Please consider joining us this Saturday for our transcribe-a-thon! Registration is required through HandsOn Greater Richmond. If you cannot join this Saturday, transcribe in your own time by signing up for a From the Page account and contributing to this project. Transcribing these historic documents into digital form makes them available to a wider audience. From the Page allows greater functionality for transcribing form-style documents like these registers than the Making History: Transcribe website. Because this event will be virtual, we are able to open it to fifty volunteers. In addition to contributing directly to the work of this project, you’ll get a sneak preview of the individuals found in these pages and a small glimpse into their experiences navigating life in antebellum Virginia.
The conservation and scanning of the Arlington County Free Black Registers, 1797-1861 was made possible by funding from the innovative Circuit Court Records Preservation Program (CCRP), a cooperative program between the Library of Virginia and the Virginia Court Clerks Association (VCCA), which seeks to preserve the historic records found in Virginia’s Circuit Courts. The project management for Virginia Untold is made possible through a National Historical Publications and Records Commission (NHPRC) grant. NHPRC provides advice and recommendations for the National Archives grants program.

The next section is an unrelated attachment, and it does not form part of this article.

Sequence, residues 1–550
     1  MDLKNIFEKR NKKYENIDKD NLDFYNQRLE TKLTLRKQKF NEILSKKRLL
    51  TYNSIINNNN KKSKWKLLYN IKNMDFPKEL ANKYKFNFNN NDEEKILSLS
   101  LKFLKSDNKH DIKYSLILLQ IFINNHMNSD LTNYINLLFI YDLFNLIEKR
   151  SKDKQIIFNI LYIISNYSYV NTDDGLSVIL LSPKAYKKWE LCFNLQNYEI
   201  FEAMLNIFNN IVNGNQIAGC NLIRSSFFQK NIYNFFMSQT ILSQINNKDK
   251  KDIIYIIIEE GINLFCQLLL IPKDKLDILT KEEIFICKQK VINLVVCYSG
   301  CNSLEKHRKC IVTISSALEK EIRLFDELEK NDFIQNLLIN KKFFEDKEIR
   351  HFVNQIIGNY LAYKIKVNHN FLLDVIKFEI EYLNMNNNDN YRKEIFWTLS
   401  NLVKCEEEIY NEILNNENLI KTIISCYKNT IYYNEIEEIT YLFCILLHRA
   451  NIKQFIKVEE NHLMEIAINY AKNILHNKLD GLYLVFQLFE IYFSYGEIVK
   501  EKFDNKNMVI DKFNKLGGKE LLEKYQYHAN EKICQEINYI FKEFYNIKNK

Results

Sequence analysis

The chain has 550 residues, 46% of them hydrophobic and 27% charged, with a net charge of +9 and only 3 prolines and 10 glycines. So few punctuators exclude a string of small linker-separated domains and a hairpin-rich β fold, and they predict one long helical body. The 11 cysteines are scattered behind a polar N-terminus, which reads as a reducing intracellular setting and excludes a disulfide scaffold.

June Purcell Guild, Black Laws of Virginia, (Fauquier: Afro-American Historical Association, 1995), 95.
 Rosenthal, Elsa S., “1790 Names – 1970 Faces: A Short History of Alexandria’s Slave and Free Black Community,” in A Composite History of Alexandria, Vol. 1 edited by Elizabeth Hembleton and Marian Van Landingham, (Virginia: Alexandria Bicentennial Commission, 1975).
 Bestebreurtje, Lindsey, “Built by the People Themselves– African American Community Development in Arlington, Virginia from the Civil War through Civil Rights” (Ph.D. diss., George Mason University, 2017), 18-19.
 List of Free Negroes returned delinquent for the non payment of colonization Tax for the year 1855, 1856, African American Narrative Digital Collection, Library of Virginia, Richmond, VA.
Arlington County Historical Society [homepage]. Accessed September 25-October 1, 2021. https://arlingtonhistoricalsociety.org/
The Arlington County Historical Society is committed to sharing this lesser known history of the African American community. Arlington native Wilma Jones hosts “
Bestebreurtje, Lindsey. “Built by the People Themselves– African American Community Development in Arlington, Virginia from the Civil War through Civil Rights.” (Ph.D. diss., George Mason University, 2017).